• Richard Hyatt

Christmas is about traditions and warm family memories.

Maybe it’s a church choir in matching robes celebrating a holy night, a joyful world, the arrival of three wise men, and a baby resting in a simple manger in Bethlehem.

It could be a rerun of the classic story of Clark W. Griswold Jr., Cousin Eddie, Aunt Bethany and Uncle Lewis who together dodge a crazed squirrel, a collapsible turkey and a delivery from the Jelly of the Month Club.

It might be a shopping trip for just the right Christmas tree before decorating it with lights and ornaments that have been in the family for as long as we can remember.

These rituals are part of us, part of our memories, parts of stories we look forward to hearing every December — the story of a jolly old elf and eight tiny reindeers and the birth of the Christ child.

This particular season is one of change and change does not come easy.


We were meandering through Peachtree Mall, approaching the center ring where Santa Claus hangs out. My 10-year-old led the way. She stopped and turned back to me with an announcement.

“Santa Claus isn’t here,” she said.

A man with a white beard wearing a red suit was sitting where Santa usually sits but Kamryn was right. It wasn’t the Santa we had known since we carried her up to meet him eight or nine years ago.

Another Santa was sitting in that chair.

On and off since 1985, John T. Belt has been our Santa. Commuting from the mid-west every year, he stayed with friends in Harris County so he could greet children who waited in line to tell him what they wanted under the tree on Christmas morning.

He suffered a heart attack a few months ago. He probably still knows who’s naughty and nice but Santa isn’t able to come to town this time around.

In the years that he was Santa, he buried his wife and reared three children. He started hit seasonal career at a clothing store in Pennsylvania. In 1994, he did a Christmas season at a large mall in Cleveland. He later made it to Cumberland Mall in Atlanta before coming to Columbus.

It was a lovely match.

“I’m comfortable and I feel at home,” he told me.

Kamryn and the other children were comfortable with him too. She had never sat on Santa’s knee until we took her to Peachtree Mall. It wasn’t love at first sight though. She was restless so he pulled out a holiday book to read to her.

Bad idea. When he was opening the book he accidently hit her in the face with the cover of his storybook. Once she calmed down, a long friendship was forged. That’s why our dining room table is covered with an assortment of framed photographs of the two of them.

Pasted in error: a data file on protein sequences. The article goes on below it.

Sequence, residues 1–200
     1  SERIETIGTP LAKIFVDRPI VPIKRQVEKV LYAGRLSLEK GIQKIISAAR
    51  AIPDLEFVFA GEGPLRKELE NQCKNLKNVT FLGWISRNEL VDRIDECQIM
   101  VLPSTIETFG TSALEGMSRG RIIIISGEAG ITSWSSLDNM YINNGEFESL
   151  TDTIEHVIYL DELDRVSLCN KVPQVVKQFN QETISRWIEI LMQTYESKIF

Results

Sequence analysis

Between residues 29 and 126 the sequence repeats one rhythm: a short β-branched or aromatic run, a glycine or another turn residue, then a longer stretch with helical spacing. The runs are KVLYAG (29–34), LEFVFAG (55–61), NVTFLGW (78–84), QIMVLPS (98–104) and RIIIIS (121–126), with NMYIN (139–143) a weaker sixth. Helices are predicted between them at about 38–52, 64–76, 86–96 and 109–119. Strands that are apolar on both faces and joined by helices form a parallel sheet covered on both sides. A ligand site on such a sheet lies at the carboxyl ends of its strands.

Others miss him too. One longtime visitor has asked mall management at Peachtree to forward Christmas cards and Get Well cards to their cherished friend.

We look at our collection of Santa photos and we hope John T. Belt is well enough to return next December. Down in Georgia, he’s special to a lot of girls and boys and their parents.

A few years ago, Tony Adams, a former newspaper reporter in Columbus, did an interview with Santa.In that conversation he shared an encounter with a young boy in New Jersey.

“The little boy just walked into the side way into the set, through the exit, and walked up to me. First he asked me if I was really Santa, and then he turned around and walked off. A few minutes later he walked on again, and he said: ‘Why must men dress up and pretend to be Santa?’ Then he turned and walked off again. He came back a third time and he said: ‘Why do people get divorced?’ And I thought to myself, I know where he's coming from now. And he turned and walked away. That really tugged at my heart.”


The other night we went to visit the Ludy’s, a family who loves Christmas, its familiar music and the colorful lights that shine in honor of the season.

Jerry Ludy and his family live at 5784 Ironstone Drive, where since 1995 they have been thrilling children of all ages with their spectacular neighborhood light display.A lot of us put up an old-fashioned Christmas tree in the living room and some folks string a few lights up outside or blow up holiday inflatables on the front lawn.

Jerry Ludy doesn’t stop there.

He was 12 years old when he painted a Santa face on the front of a paper grocery sack and wrapped C-9 lights around a wooden frame. That was the beginning and this Christmas season will probably be the end. He recently posted that sad news on the Ludy Facebook page and news soon spread. Ludy is giving out few details other the fact that he’s sad and tired and plans to take next Christmas off.

It’s a family project. He and son Keith conceive and construct most of the ingenious displays in their front yard, on their roof and in adjoining properties.

And it ain’t cheap.

A controller may cost $1,100. Circuit boards more than a $1,000. Pixel lights cost $2,000. Power supplies cost $1,350. Georgia Power bills are through the roof and the cost of our electricity will go up in January.

This has been a trying year. Repairs have been costly. The weather has been dismal. After more than 22 years, the Ludy family is worn out. Maybe the light show will return some day but for now they plan to unscrew the bulbs after New Year’s.

Meanwhile, they’re still raising money for the Make-a-Wish Foundation, hoping people driving by will continue drop cash into buckets. He’s talking about raising another $25,000 this year.

Between rain showers and traffic jams, Jerry Ludy keeps a smile on his face, greeting visitors who have been coming for years. More than a few tears have been shed.

He’s not Clark Griswold Jr. He’s Jerry Ludy, keeping alive a tradition began long ago by the Quattlebaums who dwelled in Oakland Park. There’s time to drive down Ironstone Drive while the lights are still shining. Drop by. Tell the Ludys a final goodbye.

Join our news blog mailing list

Never miss an update

© 2020 by Richard Hyatt